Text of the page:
By Sean Yoes
AFRO Baltimore Editor

William C. “Bill” Ferguson, IV, was born April 15, 1983. That’s the same year I graduated from Walbrook High School. Ironically, it was tax day.

Now, at 36, he is poised to take the Senate President’s chair, which has been occupied by Thomas V. “Mike” Miller since 1987.

Ferguson was four in 1987.

The point is, Bill Ferguson is a really young guy and if he lasts in that chair until he is 76, the age Miller is now that will give him a 40 year run presiding over Maryland’s Senate, arguably the most powerful political position in the state. If the Senate President’s chair is indeed the most prodigious in Maryland it was Miller who made it so. He is currently the longest serving state senate president in the nation. When he announced his retirement during a meeting of Maryland Senate Democrats on Oct. 24, Miller, who has been battling stage four prostate cancer said later during a press conference, “My mind is still strong, but my body’s weak.”

I know very little about Ferguson, who represents the 46th District in South Baltimore beyond the obvious; he seems to have mastered Baltimore’s political terrain in short order.

Sean Yoes

“I want to congratulate Senator Bill Ferguson on his unanimous selection as Maryland Senate President,” said Baltimore City Council President Brandon Scott in a statement once it became official Ferguson would succeed Miller. 

“…Senator Ferguson is a tremendous, hardworking public servant for the people of the 46th District and for every Baltimorean. He loves our city and he loves our state. I know he’ll honor our city as President…I’m thrilled for my friend and colleague and wish Senator Bill Ferguson luck as he takes on his new leadership role in the Senate,” Scott added.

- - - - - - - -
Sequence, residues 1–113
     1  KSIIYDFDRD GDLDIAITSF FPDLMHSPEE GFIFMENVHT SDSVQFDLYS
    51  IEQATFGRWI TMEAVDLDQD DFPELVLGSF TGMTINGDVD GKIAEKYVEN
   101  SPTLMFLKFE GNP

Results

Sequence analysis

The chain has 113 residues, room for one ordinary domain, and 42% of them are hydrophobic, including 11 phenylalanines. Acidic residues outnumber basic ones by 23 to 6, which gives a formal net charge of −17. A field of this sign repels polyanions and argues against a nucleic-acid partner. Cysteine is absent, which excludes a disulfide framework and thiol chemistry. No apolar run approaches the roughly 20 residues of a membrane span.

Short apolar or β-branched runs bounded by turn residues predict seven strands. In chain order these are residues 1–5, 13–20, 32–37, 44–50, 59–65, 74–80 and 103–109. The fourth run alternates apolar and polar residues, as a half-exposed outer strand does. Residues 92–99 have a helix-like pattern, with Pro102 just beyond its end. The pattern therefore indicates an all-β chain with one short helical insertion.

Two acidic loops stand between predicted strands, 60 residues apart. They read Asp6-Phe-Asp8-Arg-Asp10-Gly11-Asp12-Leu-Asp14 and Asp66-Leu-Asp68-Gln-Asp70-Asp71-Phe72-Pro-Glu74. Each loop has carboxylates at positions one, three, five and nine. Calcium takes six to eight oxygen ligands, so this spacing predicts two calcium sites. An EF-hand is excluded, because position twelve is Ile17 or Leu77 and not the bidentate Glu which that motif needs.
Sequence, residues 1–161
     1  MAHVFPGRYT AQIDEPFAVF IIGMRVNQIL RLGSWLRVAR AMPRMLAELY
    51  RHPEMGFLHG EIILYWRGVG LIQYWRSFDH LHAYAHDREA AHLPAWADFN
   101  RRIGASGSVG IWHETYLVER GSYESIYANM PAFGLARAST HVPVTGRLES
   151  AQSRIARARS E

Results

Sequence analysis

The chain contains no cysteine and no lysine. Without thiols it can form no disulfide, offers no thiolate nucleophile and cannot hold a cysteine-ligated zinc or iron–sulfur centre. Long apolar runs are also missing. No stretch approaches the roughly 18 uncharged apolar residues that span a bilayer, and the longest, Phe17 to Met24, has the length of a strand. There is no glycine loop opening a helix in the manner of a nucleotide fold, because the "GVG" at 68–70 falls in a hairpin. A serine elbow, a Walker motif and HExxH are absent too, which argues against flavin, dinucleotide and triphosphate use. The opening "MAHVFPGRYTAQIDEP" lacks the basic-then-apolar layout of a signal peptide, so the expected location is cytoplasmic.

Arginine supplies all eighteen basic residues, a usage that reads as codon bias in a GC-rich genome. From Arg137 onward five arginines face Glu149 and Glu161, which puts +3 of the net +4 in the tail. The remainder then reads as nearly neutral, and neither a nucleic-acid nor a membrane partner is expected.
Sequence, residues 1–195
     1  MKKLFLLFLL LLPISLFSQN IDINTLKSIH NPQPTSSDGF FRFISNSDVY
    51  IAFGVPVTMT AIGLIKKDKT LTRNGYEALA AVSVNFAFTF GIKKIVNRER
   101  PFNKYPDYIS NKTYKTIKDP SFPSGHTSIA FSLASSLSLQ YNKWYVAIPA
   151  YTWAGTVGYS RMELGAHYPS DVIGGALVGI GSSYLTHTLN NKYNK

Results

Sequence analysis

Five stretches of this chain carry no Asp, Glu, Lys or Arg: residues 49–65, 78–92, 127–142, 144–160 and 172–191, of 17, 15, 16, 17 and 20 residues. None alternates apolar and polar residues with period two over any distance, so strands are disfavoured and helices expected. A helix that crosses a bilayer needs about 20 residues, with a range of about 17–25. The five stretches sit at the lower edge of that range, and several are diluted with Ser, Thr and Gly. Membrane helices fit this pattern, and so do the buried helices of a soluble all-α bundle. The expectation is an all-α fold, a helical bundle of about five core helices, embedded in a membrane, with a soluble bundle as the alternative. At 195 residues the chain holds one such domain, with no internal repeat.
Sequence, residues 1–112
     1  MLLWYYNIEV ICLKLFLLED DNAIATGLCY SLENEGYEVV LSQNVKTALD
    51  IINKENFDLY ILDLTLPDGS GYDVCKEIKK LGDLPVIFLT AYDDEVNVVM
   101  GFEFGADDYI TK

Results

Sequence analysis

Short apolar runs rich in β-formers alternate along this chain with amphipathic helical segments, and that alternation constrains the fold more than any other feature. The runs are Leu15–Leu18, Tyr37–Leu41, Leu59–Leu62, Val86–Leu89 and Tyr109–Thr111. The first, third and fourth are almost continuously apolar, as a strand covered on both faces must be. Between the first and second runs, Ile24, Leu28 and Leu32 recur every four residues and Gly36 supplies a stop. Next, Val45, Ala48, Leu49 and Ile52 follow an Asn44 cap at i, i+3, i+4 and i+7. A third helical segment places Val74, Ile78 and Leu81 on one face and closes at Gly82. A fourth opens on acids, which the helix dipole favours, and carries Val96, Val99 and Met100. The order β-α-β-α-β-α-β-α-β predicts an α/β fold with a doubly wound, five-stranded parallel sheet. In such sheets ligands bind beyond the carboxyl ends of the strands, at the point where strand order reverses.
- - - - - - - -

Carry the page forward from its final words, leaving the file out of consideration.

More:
Clearly, Scott and Ferguson are allies and the new Senate President has many more in the city and around the state who fall into that category. But, again, I don’t know much about him. So, I asked one of the smartest people I know his opinion of Ferguson and the end of the Miller era of leadership.

“I think generally speaking, it’s good Miller is gone. I mean Miller had such a stranglehold…even if you don’t take into consideration his politics, just his style, he was so authoritarian in his style. So, from that vantage point it’s a tremendous win,” said Dayvon Love, Director of Public Policy, for the Black grassroots think tank, Leaders of a Beautiful Struggle (LBS). Since 2010, Love, the co-founder of LBS, along with Adam Jackson, the CEO and the other members of the group have been fighting for structural change in our city and state. It’s no secret Miller and the political status quo in Maryland is anathema to LBS’ radical advocacy for Black people. At 32, Love and his colleagues at LBS (who are mostly in their 20’s and 30’s), are not just young, they are formidable.

“And then if you look at it ideologically my experience of Bill is, he is actually one of the more… liberal Senators in the Maryland Senate. And so, I think to that regard it means the concepts we would push for, there’s going to be much more consideration that we’ll be able to get the stuff we work on,” said Love.

“But, I don’t think that means Bill Ferguson is going to save the day, or going to be the perfect Senate President as it relates to our issues. But, like I mentioned he is one of the more liberal senators. So, it will be a huge step up from Miller.”

There is a broader, more compelling narrative emerging here beyond the ascension of Ferguson; new blood is finally being infused into Maryland’s somewhat decrepit political hierarchy and infrastructure. And the fulcrum of power and influence could be shifting back to the state’s largest city.

But, going forward, how will the city’s burgeoning young leadership help combat Baltimore’s towering structural challenges, some which have bedeviled our people for generations?

Sean Yoes is the AFRO’s Baltimore editor and the author of Baltimore After Freddie Gray: Real Stories From One of America’s Great Imperiled Cities.

Sean Yoes

AFRO Baltimore Editor